Popping pills to stay awake?
We’ve all recently learned the devastating news that Red Bull doesn’t “give you wings,” and now there is more bad news for those who try to beat the Sandman: That pill you likely swallowed along with that highly caffeinated sugary drink won't lift you off the ground either.
Some workers take over-the-counter drugs to help them stay awake during shifts, or to get to sleep when it is finally time for some shuteye, but researchers have found only a small number of trials that tested over-the-counter and prescription drugs indicated that the OTC pills used by shift workers actually work, and some are even harmful to your health.
According to a Cochrane review of 15 trials involving 718 people, in nine trials, the OTC hormone drug melatonin helped shift workers sleep roughly 24 minutes longer during the night or day, compared with placebos, but it did not help them get to sleep any faster. Another trial of the hypnotic drug zoplicone showed it was no more effective than placebos for helping workers sleep during the day.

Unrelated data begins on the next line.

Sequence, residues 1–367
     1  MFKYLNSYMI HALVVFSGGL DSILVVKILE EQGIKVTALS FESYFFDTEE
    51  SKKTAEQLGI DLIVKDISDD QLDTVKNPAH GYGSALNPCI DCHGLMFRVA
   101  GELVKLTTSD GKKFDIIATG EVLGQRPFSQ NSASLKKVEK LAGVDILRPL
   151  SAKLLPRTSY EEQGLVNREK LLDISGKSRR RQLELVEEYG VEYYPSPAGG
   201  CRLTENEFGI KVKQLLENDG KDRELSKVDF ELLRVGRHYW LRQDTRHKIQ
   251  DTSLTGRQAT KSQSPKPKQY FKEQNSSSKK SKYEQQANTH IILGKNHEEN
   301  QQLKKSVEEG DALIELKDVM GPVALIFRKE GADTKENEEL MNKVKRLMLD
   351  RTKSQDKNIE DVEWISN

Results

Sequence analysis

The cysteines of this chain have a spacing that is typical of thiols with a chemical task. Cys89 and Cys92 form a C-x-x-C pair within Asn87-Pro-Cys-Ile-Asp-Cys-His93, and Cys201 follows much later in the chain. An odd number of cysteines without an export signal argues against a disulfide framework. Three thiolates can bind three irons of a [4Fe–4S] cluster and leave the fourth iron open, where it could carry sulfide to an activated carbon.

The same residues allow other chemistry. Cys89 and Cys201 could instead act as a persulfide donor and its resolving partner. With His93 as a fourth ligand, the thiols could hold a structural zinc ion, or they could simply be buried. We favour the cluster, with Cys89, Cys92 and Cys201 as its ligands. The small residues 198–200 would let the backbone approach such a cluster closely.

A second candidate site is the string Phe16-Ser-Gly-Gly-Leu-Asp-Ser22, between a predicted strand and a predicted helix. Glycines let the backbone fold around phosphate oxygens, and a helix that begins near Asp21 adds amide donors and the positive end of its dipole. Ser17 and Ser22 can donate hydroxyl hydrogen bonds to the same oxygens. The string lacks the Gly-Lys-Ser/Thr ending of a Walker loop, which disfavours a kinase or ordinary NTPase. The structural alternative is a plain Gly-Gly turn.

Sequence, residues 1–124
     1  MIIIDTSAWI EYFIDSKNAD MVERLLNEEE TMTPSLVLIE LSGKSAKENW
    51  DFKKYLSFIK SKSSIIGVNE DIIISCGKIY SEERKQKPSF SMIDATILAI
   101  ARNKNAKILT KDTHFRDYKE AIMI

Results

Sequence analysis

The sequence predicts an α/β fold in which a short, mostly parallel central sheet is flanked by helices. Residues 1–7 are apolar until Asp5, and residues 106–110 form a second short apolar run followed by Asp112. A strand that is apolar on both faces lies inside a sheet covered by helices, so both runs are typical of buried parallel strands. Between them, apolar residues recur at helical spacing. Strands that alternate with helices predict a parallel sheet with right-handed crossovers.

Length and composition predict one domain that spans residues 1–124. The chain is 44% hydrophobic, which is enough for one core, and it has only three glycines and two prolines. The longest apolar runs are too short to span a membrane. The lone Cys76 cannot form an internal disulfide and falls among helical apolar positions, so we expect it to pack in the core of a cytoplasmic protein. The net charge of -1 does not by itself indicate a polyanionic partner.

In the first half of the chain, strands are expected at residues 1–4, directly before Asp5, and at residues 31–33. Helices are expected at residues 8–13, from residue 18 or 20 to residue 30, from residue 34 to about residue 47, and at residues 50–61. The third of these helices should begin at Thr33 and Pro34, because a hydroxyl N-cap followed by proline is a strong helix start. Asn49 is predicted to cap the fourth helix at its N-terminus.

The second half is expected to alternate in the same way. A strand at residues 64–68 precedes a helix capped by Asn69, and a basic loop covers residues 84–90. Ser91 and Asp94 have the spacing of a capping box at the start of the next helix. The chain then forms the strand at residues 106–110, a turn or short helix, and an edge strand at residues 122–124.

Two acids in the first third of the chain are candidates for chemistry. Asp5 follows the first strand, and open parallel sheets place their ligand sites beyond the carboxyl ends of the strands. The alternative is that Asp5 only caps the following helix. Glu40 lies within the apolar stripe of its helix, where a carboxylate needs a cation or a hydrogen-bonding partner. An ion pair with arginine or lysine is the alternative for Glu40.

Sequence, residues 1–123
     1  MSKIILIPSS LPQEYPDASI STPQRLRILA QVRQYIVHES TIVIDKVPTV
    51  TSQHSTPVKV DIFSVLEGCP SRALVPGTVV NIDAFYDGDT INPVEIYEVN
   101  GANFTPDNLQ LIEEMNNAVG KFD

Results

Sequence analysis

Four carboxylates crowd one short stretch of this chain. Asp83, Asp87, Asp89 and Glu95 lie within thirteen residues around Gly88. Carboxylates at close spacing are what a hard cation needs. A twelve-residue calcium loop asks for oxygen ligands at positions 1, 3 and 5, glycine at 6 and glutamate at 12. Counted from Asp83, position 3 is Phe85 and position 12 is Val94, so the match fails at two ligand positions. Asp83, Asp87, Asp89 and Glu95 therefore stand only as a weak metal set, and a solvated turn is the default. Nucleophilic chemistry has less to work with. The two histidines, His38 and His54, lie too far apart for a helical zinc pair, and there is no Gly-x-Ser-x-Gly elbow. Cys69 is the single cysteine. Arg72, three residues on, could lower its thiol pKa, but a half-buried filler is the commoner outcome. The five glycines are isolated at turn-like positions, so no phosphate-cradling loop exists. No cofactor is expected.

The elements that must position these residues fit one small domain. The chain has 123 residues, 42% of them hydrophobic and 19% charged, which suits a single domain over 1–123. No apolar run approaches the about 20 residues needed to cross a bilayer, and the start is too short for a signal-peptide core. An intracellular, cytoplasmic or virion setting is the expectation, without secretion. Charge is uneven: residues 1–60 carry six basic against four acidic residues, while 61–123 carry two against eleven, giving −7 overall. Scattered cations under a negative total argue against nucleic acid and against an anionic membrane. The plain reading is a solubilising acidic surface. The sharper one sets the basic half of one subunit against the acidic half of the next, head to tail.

Other trials looked at caffeine and modafinil and armodafinil, prescribed for sleepiness, and found that caffeine reduced sleepiness during night shifts when workers took a nap before their shift, and that while modafinil and armodafinil increased alertness and reduced sleepiness, they also caused headaches, nausea and a rise in blood pressure.
"For lots of people who do shift work, it would be really useful if they could take a pill that would help them go to sleep or stay awake at the right time. But from what we have seen in our review, there isn't good evidence that these drugs can be considered for more than temporary use and some may have quite serious side effects," lead author of the review, Juha Liira, who is based at the Finnish Institute of Occupational Health in Helsinki, Finland, said.
He added, "It's curious that there's such a clear gap in the research," said Liira. "It may well be that studying the effects of these drugs or others drugs in properly designed trials would be seen as unethical because workers should not need drugs to get along with their work. So the studies just haven't been done or if they have, our review has not been able to identify relevant data."
Posted on Oct 30, 2014 at 6:20 AM